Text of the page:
The problem was eventually solved with a new battery, a new house further down the mountain, and the installation of a CHAdeMO charger to enable quick charging if I couldn't find a charger temporarily. Later, when we had to move to a new building 5 miles further distance and 300 feet lower in elevation, the Model 3 became available for my freeway fodder; solving it once and for all.
  • edited November -1
    EV owners can be inconsiderate too :(
  • edited February 15
    @Earl
    Can’t imagine being in your situation and the temperature drops and snow starts falling
  • edited February 15
    Unfortunately I see that here once in a while. Usually at places where the EV chargers are right by the front door and people want to use it as a parking space. They park and plug in but don’t charge so if people don’t look closely they’ll think the vehicle is charging. At one of the stores I think it’s one of the employees because every time I go there it’s the same Bolt and it’s plugged in but never charging.

    Maybe your Leaf thought nobody else would be there that late and so it wouldn’t be a big deal? Nice of you to pay for their charging after you plugged their car back in though.
  • @maxxer,
    While I appreciated Nissan's attempt with the Leaf and it has been the most trouble-free, reliable vehicle I've ever had (The Model 3 comes very close), its poor battery design and small size was clearly disappointing.
    Overall, in mild temperatures and flat terrain, it was a great commuter car for ~30 mile commutes (the average). Beyond that, it took some work.
  • edited February 15
    This has nothing to do with car model. I see Tesla drivers do the same thing here. They park in EV parking spots and do not charge.
  • edited February 15
    But parking, plugging, not charging takes premeditation to a whole new level.

    I have never done that and would never do so, ffs, there is 2 stalls for over 20 users, move it, think of others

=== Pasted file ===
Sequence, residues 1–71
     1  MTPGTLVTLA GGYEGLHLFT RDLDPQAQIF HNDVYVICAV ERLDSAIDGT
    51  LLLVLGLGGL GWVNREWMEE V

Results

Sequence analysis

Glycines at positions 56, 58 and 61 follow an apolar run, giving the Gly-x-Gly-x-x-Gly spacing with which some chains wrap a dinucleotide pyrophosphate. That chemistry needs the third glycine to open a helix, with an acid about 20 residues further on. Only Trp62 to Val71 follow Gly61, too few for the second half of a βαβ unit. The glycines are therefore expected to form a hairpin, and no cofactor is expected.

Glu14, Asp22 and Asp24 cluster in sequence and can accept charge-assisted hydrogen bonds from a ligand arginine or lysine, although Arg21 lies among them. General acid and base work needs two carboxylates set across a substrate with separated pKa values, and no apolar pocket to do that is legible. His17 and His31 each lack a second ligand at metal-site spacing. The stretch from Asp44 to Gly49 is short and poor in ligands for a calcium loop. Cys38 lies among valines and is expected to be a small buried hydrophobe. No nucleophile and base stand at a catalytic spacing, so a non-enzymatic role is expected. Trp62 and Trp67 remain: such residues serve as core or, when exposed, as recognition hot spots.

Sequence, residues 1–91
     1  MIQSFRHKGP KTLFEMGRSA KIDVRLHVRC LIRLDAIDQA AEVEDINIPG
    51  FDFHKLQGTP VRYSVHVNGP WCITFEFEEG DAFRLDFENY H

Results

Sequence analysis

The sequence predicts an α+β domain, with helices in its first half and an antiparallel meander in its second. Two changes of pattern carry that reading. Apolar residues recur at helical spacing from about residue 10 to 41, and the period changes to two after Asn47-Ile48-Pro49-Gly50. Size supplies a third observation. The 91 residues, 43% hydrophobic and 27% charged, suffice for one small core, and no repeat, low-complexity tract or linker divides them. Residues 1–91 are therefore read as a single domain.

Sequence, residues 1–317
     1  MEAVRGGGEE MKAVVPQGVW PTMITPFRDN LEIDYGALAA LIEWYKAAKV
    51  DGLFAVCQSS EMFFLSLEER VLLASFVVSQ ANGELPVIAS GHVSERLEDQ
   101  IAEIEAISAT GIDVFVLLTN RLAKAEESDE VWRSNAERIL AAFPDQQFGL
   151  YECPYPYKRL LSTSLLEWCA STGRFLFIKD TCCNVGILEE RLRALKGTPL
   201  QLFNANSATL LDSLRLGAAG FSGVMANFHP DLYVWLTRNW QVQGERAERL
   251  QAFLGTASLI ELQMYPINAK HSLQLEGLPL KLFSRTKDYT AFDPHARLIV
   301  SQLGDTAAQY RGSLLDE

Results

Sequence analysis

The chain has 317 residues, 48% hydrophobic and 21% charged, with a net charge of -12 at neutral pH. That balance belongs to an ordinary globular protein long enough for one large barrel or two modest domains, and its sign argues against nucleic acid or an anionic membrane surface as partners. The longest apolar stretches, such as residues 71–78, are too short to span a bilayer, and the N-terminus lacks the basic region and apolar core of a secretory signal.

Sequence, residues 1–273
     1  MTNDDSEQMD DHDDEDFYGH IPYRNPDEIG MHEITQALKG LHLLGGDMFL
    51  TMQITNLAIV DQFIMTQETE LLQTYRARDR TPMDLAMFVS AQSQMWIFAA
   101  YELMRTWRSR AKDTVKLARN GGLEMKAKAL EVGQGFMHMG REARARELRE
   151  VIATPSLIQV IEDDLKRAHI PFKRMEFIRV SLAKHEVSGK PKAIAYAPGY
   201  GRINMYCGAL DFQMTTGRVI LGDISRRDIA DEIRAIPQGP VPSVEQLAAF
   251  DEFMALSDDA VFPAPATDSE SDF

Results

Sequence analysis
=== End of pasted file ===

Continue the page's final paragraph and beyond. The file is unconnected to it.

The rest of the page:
• @Maxxer,
    The real issue is there aren't enough chargers. Anything else is just a bandaid since next year, there will be 40 users, 80, the next, 160 the next and so forth. 2 chargers might as well be none.
    Getting hot and bothered about these secondary and tertiary issues is futile.
    - The Leaf folks will claim that Teslas should not be using the few chargers that there are at all since Leafs have to have workplace charging in order to get home while Teslas can charge at home for the round trip.
    - The Volt owners will claim that Leafs and Teslas shouldn't get to use them since Leaf owners are just too cheap to be able to afford a car with a gas engine to enable longer range driving.
    - People who live close to work will claim that they should get priority because they use less energy, hence are 'greener'.
    - People who live a long way from work claim that they should get priority because they 'need' cheaper energy and can't make the round-trip without being able to charge at work.
    - People at the high end of the salary scale claim they shouldn't have to move their cars because they are too important and busy to take the time to move it during the day.
    - People at the low end of the salary scale claim they should have priority because they can't afford Teslas or long rang EVs, hence they need to charge every day at work.